I love this time of year. January 1st means little to me. For those of us who call ourselves educators, the “new year” starts when the school buses start rolling again. Everyone is fresh-faced and full of excitement. For those of us who teach, it’s a chance to reinvent ourselves and our methods once again.
I’m back to full steam with this little blog too- as usual, I have more ideas for you than time. As I sat down over the weekend to gather my thoughts, I filled a page with things I want to share with you; new research, puppet ideas, movement based lessons, arts integration concepts… wowee!
Ultimately though, I kept coming back to a little slogan that popped into my mind and wouldn’t go away.
It’s nothing earth-shattering at all. Ready?
“What works? Let’s do that.”
I think it came to me when I was listening to my mom (who is a high school principal at a school of almost 4,000 students- yes that is four thousand) prepare her opening remarks for her faculty. She was recalling the teacher who made the biggest impact on her during her high school years (back in the early 1960s.) The teacher implemented these practices:
1. Learning was a highly social endeavor. My mom recalls that students were frequently put into groups or pairs to work together. Very little work/thinking was done in isolation.
2. Learning related to current culture. The teacher found ways to connect content to events and information that was current with the culture. She harnessed student interest areas and curiosity.
3. Learning was active. Even though the class was a social studies class, my mom recalls that they rarely sat at desks. The teacher often asked the students to stand or move around.
4. The teacher was passionate about connecting to her students on a personal level and valued a positive sense of community in her classroom.
5. “Work”/ assignments operated within the higher levels of Bloom’s Taxonomy of Educational Objectives. Students were required to THINK. Words used to describe the kinds of work done by the students would be research, decide, judge, evaluate, present, debate, create, and persuade.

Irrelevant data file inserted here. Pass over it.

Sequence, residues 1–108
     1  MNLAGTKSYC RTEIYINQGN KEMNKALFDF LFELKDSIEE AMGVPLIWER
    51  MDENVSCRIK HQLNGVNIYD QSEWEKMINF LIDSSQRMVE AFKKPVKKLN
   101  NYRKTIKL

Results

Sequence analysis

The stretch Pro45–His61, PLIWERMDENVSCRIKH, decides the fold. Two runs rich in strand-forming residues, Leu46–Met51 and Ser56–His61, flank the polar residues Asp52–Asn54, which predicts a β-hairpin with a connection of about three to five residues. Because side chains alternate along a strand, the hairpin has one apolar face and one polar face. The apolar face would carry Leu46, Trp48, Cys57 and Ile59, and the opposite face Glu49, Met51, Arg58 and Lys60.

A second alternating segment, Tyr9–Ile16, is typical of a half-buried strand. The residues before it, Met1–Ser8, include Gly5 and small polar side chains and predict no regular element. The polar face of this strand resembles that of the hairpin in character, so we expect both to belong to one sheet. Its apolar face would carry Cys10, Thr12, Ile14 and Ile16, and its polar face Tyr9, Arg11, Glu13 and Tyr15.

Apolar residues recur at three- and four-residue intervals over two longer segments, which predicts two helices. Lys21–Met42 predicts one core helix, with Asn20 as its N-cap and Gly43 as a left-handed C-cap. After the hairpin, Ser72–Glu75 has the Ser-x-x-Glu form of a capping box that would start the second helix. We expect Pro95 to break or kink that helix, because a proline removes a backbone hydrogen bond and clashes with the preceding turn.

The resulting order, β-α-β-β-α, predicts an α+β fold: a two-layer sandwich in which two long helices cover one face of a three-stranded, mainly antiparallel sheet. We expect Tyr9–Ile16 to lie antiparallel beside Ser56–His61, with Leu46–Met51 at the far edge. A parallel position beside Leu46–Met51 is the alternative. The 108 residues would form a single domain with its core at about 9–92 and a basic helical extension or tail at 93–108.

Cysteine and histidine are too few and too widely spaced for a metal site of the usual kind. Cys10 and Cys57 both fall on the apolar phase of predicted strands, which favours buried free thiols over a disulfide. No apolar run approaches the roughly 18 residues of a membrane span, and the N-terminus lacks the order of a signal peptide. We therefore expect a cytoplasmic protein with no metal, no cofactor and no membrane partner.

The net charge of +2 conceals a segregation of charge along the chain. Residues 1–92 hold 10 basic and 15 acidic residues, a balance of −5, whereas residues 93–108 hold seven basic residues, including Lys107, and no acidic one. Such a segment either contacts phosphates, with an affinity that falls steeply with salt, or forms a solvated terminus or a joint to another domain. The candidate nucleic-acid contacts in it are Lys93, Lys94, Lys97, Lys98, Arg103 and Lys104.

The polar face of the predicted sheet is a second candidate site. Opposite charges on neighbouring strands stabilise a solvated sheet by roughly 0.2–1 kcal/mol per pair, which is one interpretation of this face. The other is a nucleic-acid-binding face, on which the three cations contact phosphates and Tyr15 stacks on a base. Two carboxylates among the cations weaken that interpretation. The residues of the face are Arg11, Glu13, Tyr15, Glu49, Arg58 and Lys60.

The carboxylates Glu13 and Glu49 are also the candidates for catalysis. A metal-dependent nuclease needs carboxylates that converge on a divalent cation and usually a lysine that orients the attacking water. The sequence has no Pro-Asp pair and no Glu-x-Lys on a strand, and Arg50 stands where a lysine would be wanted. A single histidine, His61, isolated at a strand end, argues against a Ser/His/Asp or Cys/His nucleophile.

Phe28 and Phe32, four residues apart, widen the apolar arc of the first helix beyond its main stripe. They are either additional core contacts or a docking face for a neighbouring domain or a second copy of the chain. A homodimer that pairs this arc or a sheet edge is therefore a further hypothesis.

This was back in the 60s, friends. And yet, it’s all still considered “best practice” today.
While many things in education seem to change at warp speed, some things haven’t changed at all. Good teaching is good teaching.
As you start your new year, put this question in your mind. What works?
Be brutally honest with your answer.
Does the 30 minutes your students spend on “morning work” each day bear rewards in terms of your classroom community and student growth? If not, replace it with something that does.
Does your behavior management system work? If not, change it!
Does your current writing curriculum produce writers who can generate ideas, compose thoughtful and clear pieces, and write passionately for a variety of audiences? If it doesn’t, try a new approach.
Figure out what works, and then do that!
To inspire you, here are a few things that work for me (and many others.)
1- Be intentional about building a strong classroom community. I can’t emphasize enough how important this is for a successful school year. It is my key to effective classroom management.
2- Plan experiences that provide authentic, “real world” learning for students. I’ve talked about this topic a good deal. One of my most popular posts is 7 Ideas for Replacing Worksheets with Wonder.
Another way to bring authenticity is through “real” projects that integrate multiple curriculum areas. I showcased my friend, Cassie’s, Shoe Store project in the past. You also *must see* Bevin’s Fun-Doh project. It’s a fantastic example of a project-based experience that is rich with integrated, authentic learning. Love it, Bevin!!!
3- Arts Integration! The arts are so misunderstood (just like so many artists.) I’ve talked before about the power of the arts to reach and teach our students- especially those who struggle the most. I have a lot more to say about the arts this year so stay tuned.
There are so many other things we could add to the “what works” list. What would you add? What works for your students?